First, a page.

France in the 1930s
by Eugen Weber
Sinclair Stevenson, pounds 20
Once upon a time, there was a middle-sized European country which had seen better times, whose citizens harked back to past glories and looked to the future with vague dread.
Much seemed to them to have gone wrong. Their industry was falling behind its competitors. Their education seemed obsolete. The financial world, politics, even the Church, were riddled with scandal. Much of the theatre consisted of angry commentary on current themes. The film industry worried about American domination. People blamed the rich, the politicians, foreigners, immigrants - anyone but themselves - for their troubles.
While an innovation, a national lottery, was a popular success, public finance was a shambles. Some of the most admired political thinkers had become negative towards government. What counted in life, for many, perhaps for most, was private. Politics ought to be about protecting the private sphere against the assaults of the State, and especially against its regulations and taxes.
The problems of the nation might have looked clearer if the nation had been more clearly united. Divisions between capital and provinces, town and country, right and left, young and old, and above all between classes, paralysed society, making the healing of the public sphere all but impossible, and driving individuals into isolation, impotence and often despair.
The nation, of course, was France in the 1930s, and virtually every word in the above four paragraphs is a quotation either from Eugen Weber's fine new book on that depressing decade, or from one of the sources he cites in it. Weber, who became known as one of the foremost historians of modern France with his Peasants Into Frenchmen, writes crisply, at times epigrammatically, and is fair-minded, often surprising the reader by putting in evidence that tends to militate against his thesis. His knowledge is encyclopaedic, and he uses a rich palette of sources.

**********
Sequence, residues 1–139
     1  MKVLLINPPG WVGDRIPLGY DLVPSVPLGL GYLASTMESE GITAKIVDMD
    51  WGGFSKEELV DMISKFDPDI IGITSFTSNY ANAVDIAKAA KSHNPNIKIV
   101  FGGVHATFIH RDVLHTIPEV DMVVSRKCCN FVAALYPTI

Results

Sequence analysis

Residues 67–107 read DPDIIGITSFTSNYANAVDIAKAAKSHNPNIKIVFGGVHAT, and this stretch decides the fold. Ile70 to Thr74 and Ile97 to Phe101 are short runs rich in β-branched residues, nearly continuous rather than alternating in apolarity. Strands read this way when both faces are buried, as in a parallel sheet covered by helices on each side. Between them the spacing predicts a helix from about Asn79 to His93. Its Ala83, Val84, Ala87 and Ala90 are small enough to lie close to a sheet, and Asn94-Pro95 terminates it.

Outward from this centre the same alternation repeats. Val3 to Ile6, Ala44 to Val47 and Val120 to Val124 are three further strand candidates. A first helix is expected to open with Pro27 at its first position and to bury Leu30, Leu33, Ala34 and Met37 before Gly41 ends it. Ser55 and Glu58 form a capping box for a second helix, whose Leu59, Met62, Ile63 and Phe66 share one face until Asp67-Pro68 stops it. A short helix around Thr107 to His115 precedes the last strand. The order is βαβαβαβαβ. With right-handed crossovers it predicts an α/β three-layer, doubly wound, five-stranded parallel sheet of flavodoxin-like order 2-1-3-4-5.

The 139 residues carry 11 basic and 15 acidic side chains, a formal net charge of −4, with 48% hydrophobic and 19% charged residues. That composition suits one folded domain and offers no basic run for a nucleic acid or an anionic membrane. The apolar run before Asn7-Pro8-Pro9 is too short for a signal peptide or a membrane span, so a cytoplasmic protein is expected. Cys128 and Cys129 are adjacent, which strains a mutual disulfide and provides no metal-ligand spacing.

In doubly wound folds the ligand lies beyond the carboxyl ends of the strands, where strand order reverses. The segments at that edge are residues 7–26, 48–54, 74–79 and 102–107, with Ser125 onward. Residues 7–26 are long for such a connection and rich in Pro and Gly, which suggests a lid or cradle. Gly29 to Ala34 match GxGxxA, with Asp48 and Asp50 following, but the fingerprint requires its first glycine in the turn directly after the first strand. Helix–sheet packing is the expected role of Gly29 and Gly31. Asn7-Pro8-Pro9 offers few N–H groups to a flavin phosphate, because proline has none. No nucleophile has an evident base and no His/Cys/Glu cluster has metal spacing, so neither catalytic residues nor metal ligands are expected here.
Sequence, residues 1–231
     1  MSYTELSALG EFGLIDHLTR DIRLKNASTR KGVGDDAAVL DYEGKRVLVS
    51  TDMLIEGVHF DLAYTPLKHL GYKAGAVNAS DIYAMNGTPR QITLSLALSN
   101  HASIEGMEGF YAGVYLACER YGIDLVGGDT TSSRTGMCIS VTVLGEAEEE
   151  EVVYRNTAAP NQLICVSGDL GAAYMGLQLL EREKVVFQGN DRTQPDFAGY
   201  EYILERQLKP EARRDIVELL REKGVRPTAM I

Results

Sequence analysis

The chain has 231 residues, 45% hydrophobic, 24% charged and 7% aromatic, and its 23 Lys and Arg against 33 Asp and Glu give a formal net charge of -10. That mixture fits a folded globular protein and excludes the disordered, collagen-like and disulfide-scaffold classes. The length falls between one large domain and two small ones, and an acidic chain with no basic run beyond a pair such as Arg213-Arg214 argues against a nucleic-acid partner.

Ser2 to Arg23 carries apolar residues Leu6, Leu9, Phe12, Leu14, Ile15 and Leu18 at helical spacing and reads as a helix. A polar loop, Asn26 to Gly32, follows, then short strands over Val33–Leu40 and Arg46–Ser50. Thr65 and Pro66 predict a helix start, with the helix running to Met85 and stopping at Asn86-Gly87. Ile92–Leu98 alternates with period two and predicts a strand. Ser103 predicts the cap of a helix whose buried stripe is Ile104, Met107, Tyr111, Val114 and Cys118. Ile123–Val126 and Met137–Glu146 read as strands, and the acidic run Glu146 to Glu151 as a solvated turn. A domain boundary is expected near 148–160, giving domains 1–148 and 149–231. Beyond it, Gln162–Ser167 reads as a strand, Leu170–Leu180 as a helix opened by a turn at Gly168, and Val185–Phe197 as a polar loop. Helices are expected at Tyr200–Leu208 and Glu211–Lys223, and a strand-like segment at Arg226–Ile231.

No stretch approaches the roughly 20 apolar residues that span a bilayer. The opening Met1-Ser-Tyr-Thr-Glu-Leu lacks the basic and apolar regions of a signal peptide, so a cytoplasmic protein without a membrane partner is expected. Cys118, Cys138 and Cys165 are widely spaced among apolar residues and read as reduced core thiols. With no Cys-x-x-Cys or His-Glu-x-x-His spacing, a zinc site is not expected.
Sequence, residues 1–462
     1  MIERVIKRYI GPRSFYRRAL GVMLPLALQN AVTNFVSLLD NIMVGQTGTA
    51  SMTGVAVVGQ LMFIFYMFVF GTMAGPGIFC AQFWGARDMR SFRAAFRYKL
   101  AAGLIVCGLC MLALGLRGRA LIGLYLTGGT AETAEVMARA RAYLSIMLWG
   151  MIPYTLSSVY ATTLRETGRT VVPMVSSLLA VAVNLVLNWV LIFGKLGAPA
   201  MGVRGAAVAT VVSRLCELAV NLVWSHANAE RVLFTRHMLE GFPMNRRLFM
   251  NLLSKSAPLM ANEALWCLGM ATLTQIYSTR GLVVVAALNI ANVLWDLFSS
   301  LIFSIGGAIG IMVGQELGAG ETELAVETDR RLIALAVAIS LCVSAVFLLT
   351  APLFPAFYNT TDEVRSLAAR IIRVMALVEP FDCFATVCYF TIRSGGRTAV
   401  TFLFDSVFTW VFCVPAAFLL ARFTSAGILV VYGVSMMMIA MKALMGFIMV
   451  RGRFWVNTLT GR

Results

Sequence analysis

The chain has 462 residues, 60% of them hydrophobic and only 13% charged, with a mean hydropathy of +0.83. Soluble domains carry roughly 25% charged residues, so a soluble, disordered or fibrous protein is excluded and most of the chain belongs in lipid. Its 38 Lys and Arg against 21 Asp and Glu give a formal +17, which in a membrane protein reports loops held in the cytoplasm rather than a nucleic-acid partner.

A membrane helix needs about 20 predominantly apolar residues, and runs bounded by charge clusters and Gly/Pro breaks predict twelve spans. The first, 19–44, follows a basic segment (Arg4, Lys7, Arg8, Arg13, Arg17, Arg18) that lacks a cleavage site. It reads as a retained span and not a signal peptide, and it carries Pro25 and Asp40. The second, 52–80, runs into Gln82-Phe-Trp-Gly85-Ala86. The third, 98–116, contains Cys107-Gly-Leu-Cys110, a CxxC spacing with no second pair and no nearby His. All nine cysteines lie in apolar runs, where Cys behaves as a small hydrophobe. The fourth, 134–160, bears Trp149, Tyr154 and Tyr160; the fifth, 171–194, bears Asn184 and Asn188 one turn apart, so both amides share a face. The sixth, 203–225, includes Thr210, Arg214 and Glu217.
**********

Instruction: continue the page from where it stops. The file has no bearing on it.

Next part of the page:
The picture he paints of France in the 1930s is black. France had not begun to recover from the first war. The French dead numbered 1.4 million. Another million were seriously maimed, three million were wounded, and at least another 1.4 million who would otherwise have been born never lived.
The country as Weber describes it was older, more exhausted, demoralised and in some respects decadent. The dead left a gap which was largely filled by immigration. In 1900, there were about a million foreigners in France; by 1931, there were well over three million. France had become the world's leading host of immigrants, passing the US. In Paris, a quarter of those arrested by the police were foreigners, as were many of the most talented and successful. The resulting wave of xenophobia was ugly and stupid, but hardly surprising. In 1900, moreover, there were fewer than 90,000 Jews in France. By 1940, there were about 300,000. That led to a revival of the anti-Semitism partly driven underground by the Dreyfus affair. When the Nazis marched in, plenty of French men and women applauded and took part in the persecution of the Jews.
I have two reservations about the blackness of the picture Weber paints. France fell low in the 1930s, lower in the "strange defeat" of 1940, and lowest in the collaboration, the militia, the deportations of 1942-45. But another France resisted heroically. The vigour and moral energy with which that other France rebuilt after 1944 leaves a suggestion that Weber has drawn his evidence from only one of the two nations into which France was divided in the 1930s.
The second reservation is inspired by comparison not with another time, but with other places. French society was unhappy, unjust and divided in the 1930s. But so were most other societies under the combined impact of war and the Great Depression. Where were things better? In Russia? In Germany? In Italy? In Britain? In the US? French society failed to defend itself in 1940, but it was the victim of a murderous, unjustified assault. One does not usually visit contempt on the victims of muggings, and Weber's tone sometimes verges on contempt.Reuse content